Happy Friday Readers!
I used to be mildly intrigued about the spookiness of Friday the 13th, but now I’m just excited for the weekend
What’s On My Mind This Week: The highs and lows of sports
This week, the New York Yankees overcame a 2-game deficit and won three in a row to eliminate the Cleveland Indians and advance to the ALCS. Cleveland was the best regular season team in the AL and won 102 games this year, following last year’s World Series appearance. Over the summer, the “Windians” rode an epic 22-game winning streak, the longest in baseball history. By contrast, The 2017 Yankees were a rebuilding project with muted expectations. Hats off to Joe Girardi and the nucleus of young ballplayers (Judge, Sanchez, Severino, et al.) who defied the pundits. We are now 4 wins away from the World Series– go Yankees!
Also this week, the US Men’s Soccer National Team failed to qualify for the 2018 World Cup in Russia, losing to Trinidad and Tobago. What an epic fail… this loss is the defining legacy for the current generation of players on the USMNT. Now it’s time to CTRL+ALT+DEL
What I’m reading/watching/listening to:
Residente’s new self-titled album “Residente”. Residente ( René Pérez Joglar) is a rapper, singer, writer, producer, film director, and, with his stepbrother Visitante (Eduardo José Cabra Martínez) co-founder of the award winning rap group Calle 13. They have won 24 Latin Grammys, the most awarded to a single group in Latin music history. Residente possesses a Fine Arts degree and is known for his social and humanitarian work on behalf of UNICEF and Amnesty International (Thx to Drea for the find)
Album Background (Wikipedia)
A few years before the album’s release, Residente took a DNA test that revealed his roots trace back to 10 different locations around the World, including Armenia, Ghana, China and his homeland Puerto Rico. Such diversity inspired him to produce what would later result in a solo album, a documentary and a book released via Fusion Media Group (Univision Communications) under the same common title Residente. He signed a five-year production deal with the label.
The album was written and recorded over the course of two years and saw Residente travel around the world to the places where his roots are, including Siberia, Moscow, China, the Caucasus, France, Spain, England, Armenia, Ossetia in Georgia, Antigua, Ghana, Burkina Faso and Niger, aside from Puerto Rico.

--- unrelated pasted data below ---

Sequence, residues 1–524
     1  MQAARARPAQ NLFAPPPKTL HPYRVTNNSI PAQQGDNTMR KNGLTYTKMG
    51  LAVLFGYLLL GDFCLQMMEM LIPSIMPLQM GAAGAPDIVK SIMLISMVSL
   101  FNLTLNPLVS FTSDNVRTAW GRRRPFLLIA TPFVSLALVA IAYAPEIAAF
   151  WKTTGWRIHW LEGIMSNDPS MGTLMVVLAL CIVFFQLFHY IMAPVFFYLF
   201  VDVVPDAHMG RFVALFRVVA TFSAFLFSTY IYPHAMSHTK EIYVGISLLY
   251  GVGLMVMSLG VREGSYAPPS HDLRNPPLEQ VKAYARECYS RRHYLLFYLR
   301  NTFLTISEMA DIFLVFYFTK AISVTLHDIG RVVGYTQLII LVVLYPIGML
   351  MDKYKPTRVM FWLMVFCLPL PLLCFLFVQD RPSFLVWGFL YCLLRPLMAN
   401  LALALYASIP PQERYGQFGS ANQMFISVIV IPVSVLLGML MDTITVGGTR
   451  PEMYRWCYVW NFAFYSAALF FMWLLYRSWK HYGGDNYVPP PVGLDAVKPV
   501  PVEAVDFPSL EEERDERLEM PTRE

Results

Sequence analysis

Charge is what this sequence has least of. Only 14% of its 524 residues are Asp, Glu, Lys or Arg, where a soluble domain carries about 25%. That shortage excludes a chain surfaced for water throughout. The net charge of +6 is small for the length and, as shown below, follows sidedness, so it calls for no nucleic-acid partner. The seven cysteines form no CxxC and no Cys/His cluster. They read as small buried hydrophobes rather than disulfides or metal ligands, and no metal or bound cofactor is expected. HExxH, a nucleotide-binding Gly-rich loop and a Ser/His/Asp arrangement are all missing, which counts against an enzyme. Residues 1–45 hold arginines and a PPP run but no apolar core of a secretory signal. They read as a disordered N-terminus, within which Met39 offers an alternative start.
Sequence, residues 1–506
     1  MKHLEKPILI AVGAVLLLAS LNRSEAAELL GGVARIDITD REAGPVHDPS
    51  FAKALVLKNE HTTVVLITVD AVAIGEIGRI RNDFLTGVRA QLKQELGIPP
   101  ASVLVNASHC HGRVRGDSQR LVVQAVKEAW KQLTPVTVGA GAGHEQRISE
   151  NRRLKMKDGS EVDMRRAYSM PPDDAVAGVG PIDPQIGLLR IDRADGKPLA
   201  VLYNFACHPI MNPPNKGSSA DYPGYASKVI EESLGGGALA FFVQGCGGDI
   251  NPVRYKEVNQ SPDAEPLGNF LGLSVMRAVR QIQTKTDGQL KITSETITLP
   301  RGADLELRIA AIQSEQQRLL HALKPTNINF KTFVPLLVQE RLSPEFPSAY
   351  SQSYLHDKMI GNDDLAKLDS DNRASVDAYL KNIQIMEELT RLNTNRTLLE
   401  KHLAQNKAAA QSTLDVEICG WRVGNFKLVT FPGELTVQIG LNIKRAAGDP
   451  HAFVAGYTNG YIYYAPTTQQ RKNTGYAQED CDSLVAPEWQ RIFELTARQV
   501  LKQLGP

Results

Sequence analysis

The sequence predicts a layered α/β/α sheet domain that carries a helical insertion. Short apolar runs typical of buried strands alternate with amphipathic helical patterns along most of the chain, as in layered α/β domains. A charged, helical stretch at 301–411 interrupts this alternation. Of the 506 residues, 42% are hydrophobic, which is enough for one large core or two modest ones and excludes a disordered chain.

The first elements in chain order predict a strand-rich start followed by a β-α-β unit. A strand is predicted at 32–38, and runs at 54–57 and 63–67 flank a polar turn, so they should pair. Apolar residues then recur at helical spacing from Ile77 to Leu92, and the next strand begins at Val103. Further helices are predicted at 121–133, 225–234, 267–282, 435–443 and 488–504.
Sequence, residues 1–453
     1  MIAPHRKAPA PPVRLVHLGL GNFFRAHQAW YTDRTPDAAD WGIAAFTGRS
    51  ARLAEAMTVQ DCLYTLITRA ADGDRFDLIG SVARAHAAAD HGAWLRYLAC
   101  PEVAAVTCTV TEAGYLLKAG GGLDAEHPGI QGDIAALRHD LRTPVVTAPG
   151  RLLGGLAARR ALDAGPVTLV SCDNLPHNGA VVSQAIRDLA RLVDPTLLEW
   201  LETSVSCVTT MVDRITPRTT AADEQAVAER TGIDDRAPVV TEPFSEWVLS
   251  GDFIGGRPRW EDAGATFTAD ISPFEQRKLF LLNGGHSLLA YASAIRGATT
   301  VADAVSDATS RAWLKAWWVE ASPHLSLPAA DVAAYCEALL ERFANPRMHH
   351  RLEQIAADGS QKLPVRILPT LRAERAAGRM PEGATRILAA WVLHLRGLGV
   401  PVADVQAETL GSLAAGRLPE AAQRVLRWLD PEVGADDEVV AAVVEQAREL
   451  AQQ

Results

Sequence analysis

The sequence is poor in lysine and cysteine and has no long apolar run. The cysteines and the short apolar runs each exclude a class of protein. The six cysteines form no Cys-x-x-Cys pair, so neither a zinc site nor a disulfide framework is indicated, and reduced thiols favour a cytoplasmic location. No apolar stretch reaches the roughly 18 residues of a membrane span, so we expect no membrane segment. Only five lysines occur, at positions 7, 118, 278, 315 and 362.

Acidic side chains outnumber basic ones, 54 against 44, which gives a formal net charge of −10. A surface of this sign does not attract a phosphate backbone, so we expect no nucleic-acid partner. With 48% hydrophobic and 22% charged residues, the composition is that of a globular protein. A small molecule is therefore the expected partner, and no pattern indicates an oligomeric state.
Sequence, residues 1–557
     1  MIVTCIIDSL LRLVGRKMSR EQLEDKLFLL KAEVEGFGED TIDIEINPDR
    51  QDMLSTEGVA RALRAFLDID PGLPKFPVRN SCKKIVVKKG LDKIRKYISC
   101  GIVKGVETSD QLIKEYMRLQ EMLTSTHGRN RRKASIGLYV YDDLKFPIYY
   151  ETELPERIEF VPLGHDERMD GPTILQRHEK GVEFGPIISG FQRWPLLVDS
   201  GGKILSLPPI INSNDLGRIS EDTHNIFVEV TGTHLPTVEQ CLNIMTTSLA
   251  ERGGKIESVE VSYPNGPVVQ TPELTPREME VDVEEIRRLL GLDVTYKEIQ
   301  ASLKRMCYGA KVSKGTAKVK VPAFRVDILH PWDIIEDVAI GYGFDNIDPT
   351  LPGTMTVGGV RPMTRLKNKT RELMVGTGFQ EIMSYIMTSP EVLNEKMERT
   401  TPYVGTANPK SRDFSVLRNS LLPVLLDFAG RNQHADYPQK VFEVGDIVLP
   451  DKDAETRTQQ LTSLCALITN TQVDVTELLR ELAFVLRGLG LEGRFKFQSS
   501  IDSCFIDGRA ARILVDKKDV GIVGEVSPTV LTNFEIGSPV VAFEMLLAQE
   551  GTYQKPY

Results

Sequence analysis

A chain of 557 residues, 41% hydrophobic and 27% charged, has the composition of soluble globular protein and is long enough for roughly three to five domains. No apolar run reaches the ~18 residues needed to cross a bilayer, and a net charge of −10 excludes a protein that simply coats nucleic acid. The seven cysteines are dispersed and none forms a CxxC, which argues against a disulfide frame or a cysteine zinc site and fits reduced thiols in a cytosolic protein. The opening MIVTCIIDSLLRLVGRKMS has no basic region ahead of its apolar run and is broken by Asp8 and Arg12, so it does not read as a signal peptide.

In all those places, he worked with local, mostly amateur or unknown artists, some of which poor or affected by war. Despite this, Residente rejects the idea of it being a world music album because he “wanted to do something new”. All of them will be paid for their royalties. He also said:
“I collaborated with talented artists, artists that the musical industry doesn’t know of because they don’t pay attention to them, artists that make music without expecting something in return, artists whom I share DNA with, just how they shared their stories with me.”
About the album’s general sound, he said “at a sound level it is not the most organic [album he’s ever made], but the most real and precise. All sounds are from those countries, the drums, the voices, anything that sounds comes from that place.”
Parts of the pre and post-production of the album were done at Loisaida Center in New York City. Residente also worked at Electric Lady Studios in West Village.
The album deals with themes such as equality and unity. Though Residente’s initial approach to his trips were mainly musical, he was inspired by his conversations to focus on the subject of race. Despite being produced much before Donald Trump won the 2016 United States presidential elections, Residente admits its themes could relate to the scenario of the time of its release: “I think that… the topic now is even more relevant because of what is happening with Trump and not only Trump, because there’s a lot of racism around the world. […] We all came from the same place, even though we are different, we are equally different”.
Residente intends to release an English language version of the album and has already translated all lyrics with the help of Puerto Rican poet Urayoán Noel, associate professor at New York University. The effort will be put out depending on Residente’s satisfaction with it.
Great (not so) recent purchase:
Nevados Men’s Boomerang II Mid Hiking Boot ($32)
Do not overspend on branded hiking boots that can cost up to $200! I got a pair of these boots 3+ years ago and they have served me superbly on my hikes in the northeast. This is not a paid advertisement, and I do not get paid for these links.
My Photo of the Week:
Hiking Mount Mansfield – 4,393 ft (VT) – Sunset Ridge Trail to the “Chin” of the mountain
What’s Biggie Smalls up to?
Chewing on his bone, forever